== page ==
The importance of a good credit score cannot be stressed enough. A high credit score is a reflection of a good credit history. And, a good credit history takes time to build, beginning with the smallest loan repaid to all payments made on time. By avoiding missed payments, defaulting and letting your account reach the collection agencies, and you are on your way to a respectable credit history.
A high credit score is important for the following reasons:
- Easier to get approved for a home loan
- Enjoy lower rate of interest on most types of loans
- Better chances of credit card approval
- Increased limit on credit cards
- More negotiating power for higher credit limit and lower interest rates
With so many advantages, it is essential that you know how to improve your credit score. Mentioned below are a few hacks to improve credit score. Bear in mind, though, that it takes time.
1. Have recurring digital calendar reminders to remind you to pay your bills on time. You can also maintain a diary or a log, especially for your financial transactions and keep a track for making payments. Delayed payments not only result in late fees, but can adversely affect your credit score, too.
2. Using credit card responsibly is, perhaps, the most essential yet most under-utilized way of improving your credit score. You can start building a good credit history by:
a.) Apply for a small loan, even though you might not need one, and pay it back on time with full interest. Do this when you have no credit history and want to build one.
b.) Set up a savings account to pay off your credit card bills. Activate direct debit for all your transactions so you do not miss payments. Check the savings account each month for sufficient funds.
c.) Do not use your credit card beyond 30% of your credit limit. The smaller the used to unused ratio, the better it will be for your credit rating. If you use it over 30%, pay all bills on time and have a clean record, it could still affect your score. This is because some lenders might consider the balance on your statement to report to the credit reporting bureau.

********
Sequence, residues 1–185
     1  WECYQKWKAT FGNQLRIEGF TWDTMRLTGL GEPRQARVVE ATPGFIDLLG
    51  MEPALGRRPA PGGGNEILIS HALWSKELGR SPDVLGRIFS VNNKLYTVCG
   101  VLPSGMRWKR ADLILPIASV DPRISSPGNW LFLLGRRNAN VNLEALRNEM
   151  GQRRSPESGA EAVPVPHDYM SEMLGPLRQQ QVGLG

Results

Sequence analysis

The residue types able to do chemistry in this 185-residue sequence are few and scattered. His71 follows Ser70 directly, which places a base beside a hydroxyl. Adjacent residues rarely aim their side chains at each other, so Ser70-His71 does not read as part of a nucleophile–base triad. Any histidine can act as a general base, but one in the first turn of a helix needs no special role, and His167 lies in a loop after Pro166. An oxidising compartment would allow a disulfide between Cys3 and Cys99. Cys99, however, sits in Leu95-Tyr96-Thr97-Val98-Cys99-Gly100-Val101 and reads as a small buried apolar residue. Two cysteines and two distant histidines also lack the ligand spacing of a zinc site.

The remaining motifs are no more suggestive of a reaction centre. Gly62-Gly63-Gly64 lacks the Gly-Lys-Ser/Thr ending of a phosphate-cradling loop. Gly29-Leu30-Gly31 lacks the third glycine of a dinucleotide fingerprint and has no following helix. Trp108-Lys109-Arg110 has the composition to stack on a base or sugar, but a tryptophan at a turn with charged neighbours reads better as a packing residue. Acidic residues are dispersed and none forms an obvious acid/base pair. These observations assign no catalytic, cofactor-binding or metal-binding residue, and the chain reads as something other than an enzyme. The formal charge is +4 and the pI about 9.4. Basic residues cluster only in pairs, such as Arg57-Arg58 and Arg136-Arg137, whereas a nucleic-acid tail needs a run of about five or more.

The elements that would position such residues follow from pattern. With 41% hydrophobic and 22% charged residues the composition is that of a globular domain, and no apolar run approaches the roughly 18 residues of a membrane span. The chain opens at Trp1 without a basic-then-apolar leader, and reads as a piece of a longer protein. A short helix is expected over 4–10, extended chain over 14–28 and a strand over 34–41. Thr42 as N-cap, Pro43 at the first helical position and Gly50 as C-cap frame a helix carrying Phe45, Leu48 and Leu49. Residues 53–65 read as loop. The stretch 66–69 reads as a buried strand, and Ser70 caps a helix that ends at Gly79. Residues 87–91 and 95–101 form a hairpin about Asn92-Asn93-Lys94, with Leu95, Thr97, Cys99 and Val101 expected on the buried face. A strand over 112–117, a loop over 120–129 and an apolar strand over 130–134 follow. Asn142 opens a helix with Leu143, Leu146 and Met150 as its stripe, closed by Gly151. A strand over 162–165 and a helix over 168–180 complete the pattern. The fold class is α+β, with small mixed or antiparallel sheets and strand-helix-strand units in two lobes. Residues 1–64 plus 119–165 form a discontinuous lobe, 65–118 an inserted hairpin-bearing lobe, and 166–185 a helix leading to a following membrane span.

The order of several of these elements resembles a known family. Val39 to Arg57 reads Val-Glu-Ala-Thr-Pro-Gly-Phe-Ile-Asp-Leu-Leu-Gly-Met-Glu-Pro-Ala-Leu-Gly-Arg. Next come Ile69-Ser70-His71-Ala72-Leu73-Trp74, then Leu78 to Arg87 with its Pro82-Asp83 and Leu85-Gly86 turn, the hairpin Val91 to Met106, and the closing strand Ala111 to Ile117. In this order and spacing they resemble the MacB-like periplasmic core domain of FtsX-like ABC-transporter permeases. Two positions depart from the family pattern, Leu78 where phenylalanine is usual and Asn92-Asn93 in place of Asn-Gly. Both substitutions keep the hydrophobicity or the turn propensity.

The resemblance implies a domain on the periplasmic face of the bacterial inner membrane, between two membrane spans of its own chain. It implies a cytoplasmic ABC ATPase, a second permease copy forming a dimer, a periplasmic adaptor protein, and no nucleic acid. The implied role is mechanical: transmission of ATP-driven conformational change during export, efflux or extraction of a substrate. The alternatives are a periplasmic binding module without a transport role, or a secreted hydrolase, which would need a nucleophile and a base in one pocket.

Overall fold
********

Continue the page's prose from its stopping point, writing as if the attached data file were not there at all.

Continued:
d.) Pay off all the small balances instead of putting them off. In case of multiple cards, once you have paid off all the smaller balances, use only one or two a good cards. Good cards are those which you have been using for a long time and which have no missed payments and defaults on it.
3. Do not delete or attempt to remove old debt from your credit report. It is the kind of debt that is good for your score as it showed that you paid the debt as agreed. Also, the longer back in time the debt, the better it is for your score because lenders prefer to see a long standing good report than a good credit report for a shorter duration. It deems your profile reliable, a low risk and worthy of future credit.
4. When choosing a loan offer, be realistic and choose the one that best suits your repayment capacity. Also, ideally, choose the financial institution that allows pre-payment, lower interest rate and suitable tenure.
5. Negotiate for a lower rate of interest on any loan.
6. Check your credit report once every year and rectify any errors immediately.
7. If you are overdue, try not to escape the company calls. Request for a payment plan rather than have collection agencies knocking on your door.
8. Do not apply for multiple loans/ credits at the same time.
9. Even if you want to save for some purchase, do not fault in your repayments such as paying less or missing payments. These instantly bring your credit score down.
10. Don’t obsess about your score. Simply keep a yearly tab and rest of the year, pay bills on time and use credit card responsibly.
11. Keep low ratios:
a.) Low debt to income ratio (significantly lesser EMI than monthly income)
b.) Low used to unused credit card ratio (higher outstanding balance compared to the total available limit)
12. Don’t close old accounts as it decreases the length of your credit history. The longer the credit history, the better it is for your score.
13. Maintain accounts in your own name. Also, do not allow someone to use your name for purchasing something on credit, even if the EMI payment goes out of their account.